Saturday, February 25, 2012

The Lost Children of Hamelin

It is 100 years since our children left.
        - 1st entry in the Public Records of the city of Hamelin (1384)

The Pied Piper, Stained Glass Window, located at Baylor University

Located along the banks of Germany’s, Weser River, the city of Hamelin was originally founded sometime in the middle of the 9th century as a monastery where cloistered monks farmed, made beer and contemplated the eternal face of God.

Goethe & Wolf, Der Rattenfanger

Over the centuries a settlement grew around the friars, and Hamelin emerged as an active trading point along the river expanding by the 12th century into a successful medieval town. Even now, the pretty Saxony city stands proudly along both banks of the deep, winding river. A short distance east of Hamelin, the remains of the Coppenbrugge forest covers a few small acres, giving only a sense of the huge expanses of trees that once blanketed the area, dark and hot, a place of hidden groves and long forgotten secrets.

Medieval print featuring the Piper

Yet, Hamelin’s secret is not forgotten, can’t be forgotten, that terrible truth of 1284 which moved to legend, then fairy tale myth, the children went away.

Kate Greenaway - The Pied Piper

The rats weren’t there.

An amended horror they first appear in 1559.

But he is.

Right from the start.

He is there.

Another beautiful Kate Greenaway drawing of the Pied Piper of Hamelin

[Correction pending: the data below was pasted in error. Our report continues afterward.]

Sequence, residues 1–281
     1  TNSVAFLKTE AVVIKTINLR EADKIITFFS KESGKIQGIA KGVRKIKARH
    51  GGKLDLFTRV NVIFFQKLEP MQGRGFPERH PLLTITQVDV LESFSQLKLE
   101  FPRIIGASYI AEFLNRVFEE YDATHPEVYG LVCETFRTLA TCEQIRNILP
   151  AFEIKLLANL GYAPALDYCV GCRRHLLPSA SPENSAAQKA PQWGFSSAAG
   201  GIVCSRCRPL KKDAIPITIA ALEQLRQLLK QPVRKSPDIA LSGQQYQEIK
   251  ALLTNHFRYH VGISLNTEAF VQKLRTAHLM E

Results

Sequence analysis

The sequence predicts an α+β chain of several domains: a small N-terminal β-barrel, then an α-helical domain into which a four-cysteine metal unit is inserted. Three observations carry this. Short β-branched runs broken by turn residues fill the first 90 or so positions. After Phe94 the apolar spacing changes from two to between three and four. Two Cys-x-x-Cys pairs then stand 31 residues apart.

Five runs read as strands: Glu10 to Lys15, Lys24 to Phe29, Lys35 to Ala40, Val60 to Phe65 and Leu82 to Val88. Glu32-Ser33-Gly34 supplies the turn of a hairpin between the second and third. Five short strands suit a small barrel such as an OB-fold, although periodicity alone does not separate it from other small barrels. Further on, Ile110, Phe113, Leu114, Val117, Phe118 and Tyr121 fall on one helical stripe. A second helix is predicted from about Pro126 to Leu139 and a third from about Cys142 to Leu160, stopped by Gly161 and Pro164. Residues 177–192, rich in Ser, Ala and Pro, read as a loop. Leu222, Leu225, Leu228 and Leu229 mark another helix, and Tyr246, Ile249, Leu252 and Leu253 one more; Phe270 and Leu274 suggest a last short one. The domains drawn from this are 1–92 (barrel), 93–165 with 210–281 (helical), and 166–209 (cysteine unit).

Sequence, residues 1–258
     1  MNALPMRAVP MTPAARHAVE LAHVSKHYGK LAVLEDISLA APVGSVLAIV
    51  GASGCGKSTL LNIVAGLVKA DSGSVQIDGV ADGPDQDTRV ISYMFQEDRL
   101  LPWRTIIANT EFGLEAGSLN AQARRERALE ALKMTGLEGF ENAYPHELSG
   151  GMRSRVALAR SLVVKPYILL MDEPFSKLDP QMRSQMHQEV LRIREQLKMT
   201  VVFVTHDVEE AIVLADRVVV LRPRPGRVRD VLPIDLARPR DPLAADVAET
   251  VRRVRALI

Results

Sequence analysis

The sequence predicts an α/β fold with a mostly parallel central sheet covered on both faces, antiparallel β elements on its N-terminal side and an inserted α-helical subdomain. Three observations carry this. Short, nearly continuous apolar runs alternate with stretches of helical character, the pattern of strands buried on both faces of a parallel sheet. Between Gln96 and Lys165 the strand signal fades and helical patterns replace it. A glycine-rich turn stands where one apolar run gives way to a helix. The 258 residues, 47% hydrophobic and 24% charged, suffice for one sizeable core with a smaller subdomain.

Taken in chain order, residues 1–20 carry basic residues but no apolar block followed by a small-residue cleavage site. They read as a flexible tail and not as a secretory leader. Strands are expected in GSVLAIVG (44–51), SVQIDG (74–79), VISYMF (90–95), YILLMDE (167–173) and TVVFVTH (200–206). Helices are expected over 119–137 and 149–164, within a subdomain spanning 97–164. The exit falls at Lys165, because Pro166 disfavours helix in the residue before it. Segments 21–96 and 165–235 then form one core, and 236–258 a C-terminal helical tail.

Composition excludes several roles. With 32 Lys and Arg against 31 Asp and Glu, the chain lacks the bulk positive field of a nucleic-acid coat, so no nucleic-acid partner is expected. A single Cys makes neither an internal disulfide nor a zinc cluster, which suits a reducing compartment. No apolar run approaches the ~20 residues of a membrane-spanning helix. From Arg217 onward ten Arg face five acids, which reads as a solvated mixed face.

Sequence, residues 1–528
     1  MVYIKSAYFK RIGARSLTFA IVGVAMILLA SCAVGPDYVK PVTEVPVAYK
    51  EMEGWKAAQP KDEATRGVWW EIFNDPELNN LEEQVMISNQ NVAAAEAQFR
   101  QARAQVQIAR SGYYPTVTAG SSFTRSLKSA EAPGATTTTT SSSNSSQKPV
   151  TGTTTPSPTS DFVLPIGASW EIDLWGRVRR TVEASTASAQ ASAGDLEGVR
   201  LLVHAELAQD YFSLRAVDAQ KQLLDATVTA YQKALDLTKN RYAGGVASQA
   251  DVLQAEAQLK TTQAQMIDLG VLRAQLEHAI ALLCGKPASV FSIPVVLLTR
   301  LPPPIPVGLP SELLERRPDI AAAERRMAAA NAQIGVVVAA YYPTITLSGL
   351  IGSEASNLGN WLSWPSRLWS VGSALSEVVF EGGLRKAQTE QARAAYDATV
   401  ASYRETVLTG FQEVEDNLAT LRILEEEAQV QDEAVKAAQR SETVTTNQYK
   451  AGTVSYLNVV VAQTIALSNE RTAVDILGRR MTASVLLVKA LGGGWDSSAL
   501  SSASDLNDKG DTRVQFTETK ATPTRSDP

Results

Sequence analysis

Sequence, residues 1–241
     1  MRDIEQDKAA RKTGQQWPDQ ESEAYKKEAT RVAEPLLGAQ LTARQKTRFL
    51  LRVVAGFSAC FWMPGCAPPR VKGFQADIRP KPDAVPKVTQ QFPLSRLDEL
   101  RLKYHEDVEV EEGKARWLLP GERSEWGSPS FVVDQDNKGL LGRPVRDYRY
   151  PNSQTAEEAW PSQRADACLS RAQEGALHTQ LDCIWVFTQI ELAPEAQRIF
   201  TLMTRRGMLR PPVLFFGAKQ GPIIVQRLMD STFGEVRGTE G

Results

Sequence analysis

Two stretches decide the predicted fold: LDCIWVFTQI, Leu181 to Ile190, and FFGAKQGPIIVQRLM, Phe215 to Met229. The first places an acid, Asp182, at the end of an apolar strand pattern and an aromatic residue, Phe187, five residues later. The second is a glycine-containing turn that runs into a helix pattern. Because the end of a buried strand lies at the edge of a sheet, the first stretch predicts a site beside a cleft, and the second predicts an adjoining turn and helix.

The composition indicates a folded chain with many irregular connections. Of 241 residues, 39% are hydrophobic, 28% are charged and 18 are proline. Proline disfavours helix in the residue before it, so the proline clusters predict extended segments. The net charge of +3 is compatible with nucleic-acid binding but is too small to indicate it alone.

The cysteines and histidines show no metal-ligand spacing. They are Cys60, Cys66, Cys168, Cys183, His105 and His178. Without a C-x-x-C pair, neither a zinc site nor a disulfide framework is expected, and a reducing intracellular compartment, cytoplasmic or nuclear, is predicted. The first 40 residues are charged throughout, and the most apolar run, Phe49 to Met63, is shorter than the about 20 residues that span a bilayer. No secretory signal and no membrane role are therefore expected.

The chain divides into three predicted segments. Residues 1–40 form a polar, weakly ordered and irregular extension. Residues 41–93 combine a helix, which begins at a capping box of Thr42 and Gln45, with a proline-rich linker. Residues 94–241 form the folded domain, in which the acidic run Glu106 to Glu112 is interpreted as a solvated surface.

Smashed almost 400 years ago the piece of stained glass produced some 50 years after the event is where our modern world first sees him. The bright man playing his happy tune and the children, all dressed in white walking behind, dancing, laughing, following.

In a prayer book from 1384 the Pipers story is first written down, translated his story reads

In the year 1284, on the day of Saints John and Paul
On 26 June
130 children born in Hamelin were seduced
By a piper, dressed in all kinds of colors
And lost at the place of execution near the koppen.

What happened to the children isn’t known.

If they died or were killed, if they were taken away or if Browning was right and they went on to be the founders of Transylvania, we will never know.

We only know they were gone.

Who was the Piper?

Religious leader, magician, monster, again we will never know.

Perhaps the Piper is a member of what Alan Moore describes as "The Blazing World", that dark place between fact and fiction where magic might be real, and the mundane fades into the shadow of fantasy? The reality of what happened to the children of Hamelin and who or even what the Piper was, has been so supplanted by the myth that the legend is now the truth.

Somewhere in the limbo of time, the lost children of Hamelin walk in the mist, following along on their eternal dance to the Pipers tune, never to be found.

1 comment:

  1. Neil Gaiman used parts of the Pied Piper legend in his Children's Crusade storyline in Vertigo Comics. I remembered it as coming out just a couple years ago but it's almost 20.